How about this lady? She's not a model, but her job gets her photographed in rather revealing clothes on many occasions. When she dies – which we sincerely hope won't happen for very many years – will the arbiters of good taste decree that all these pictures of her doing what she's famous for are suddenly indecent?
Changing tack only slightly, we read an article recently by someone called Snejana Farberov (Snejana? Is that a real name?) about Sports Illustrated which had “sparked a racial controversy” over its latest swimsuit edition which featured bikini-clad models posing with African and Chinese natives dressed in traditional garb.
One of the images that sparked outrage showed a blonde Caucasian model sitting on a traditional raft on a river in Guilin, Guangxi, being piloted by an elderly Chinese man sporting a typical cone hat. It's not clear whether it was the girl's bikini that did the damage, or the ridiculous hat worn by the boatman, or their juxtaposition. In a prominent feminist blog which we won't name because we don't want to give the harridans any publicity, writer Dodai Stewart accused Sports Illustrated of “perpetuating age-old stereotypes harking back to colonial times and using natives as fashion accessories while emphasizing the ‘centrality’ of the white models”.
Yep, I'm sure that's the thought that leapt to all our minds. Centrality is something that concerns The GOS every day, and it is of course outrageous to depict any ethnic person wearing clothing peculiar to his geographical location and ethnic tradition. Any photograph of any African tribesman or Himalayan Sherpa not dressed in jeans and a t-shirt should be burned and the photographer imprisoned; if he has had the temerity to depict a western-clad person in the same frame as someone ethnically dressed, that is of course far worse and Sharia Law should immediately apply, that's if it's all right to use Sharia Law to judge a non-Muslim.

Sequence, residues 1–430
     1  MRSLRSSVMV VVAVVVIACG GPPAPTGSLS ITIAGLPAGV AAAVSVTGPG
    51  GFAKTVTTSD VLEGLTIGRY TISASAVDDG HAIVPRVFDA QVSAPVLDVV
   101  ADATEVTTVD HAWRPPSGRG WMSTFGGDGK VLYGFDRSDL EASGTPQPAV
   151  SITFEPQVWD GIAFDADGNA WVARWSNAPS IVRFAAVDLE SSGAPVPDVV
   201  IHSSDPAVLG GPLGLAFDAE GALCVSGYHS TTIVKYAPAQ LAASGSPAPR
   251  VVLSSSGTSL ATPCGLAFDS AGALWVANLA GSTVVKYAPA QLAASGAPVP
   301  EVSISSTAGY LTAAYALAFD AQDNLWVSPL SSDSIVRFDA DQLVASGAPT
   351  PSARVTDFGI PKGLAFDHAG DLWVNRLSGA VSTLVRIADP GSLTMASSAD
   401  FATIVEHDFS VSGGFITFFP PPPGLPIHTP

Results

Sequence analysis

'China has tons of skyscrapers and modern cities that make New York look rickety, but this image recreates an age-old narrative in which anything non-Western is quaint, backward and impoverished,' Stewart wrote. In future, then, it should be deemed unacceptable to publish any picture that depicts any part of a nation's past, so if your digital camera has a snapshot of Anne Hathaway's house in its memory you'd better delete it before the thought police come for you.
Dr David Leonard, an associate professor in the Department of Critical Culture, Gender, and Race Studies at Washington State University backed Stewart up, saying “beyond their use as human props, the natives in the images are imagined as servants there to please Westerners on their exotic adventure”. That's Downton Abbey off the airwaves, then. The maids and footmen there aren't just imagined as servants, they actually are servants, a dramatic depiction that flies totally in the face of left-wing ideology which prefers to pretend that the past didn't happen, because if it happened some of us might think it was all right.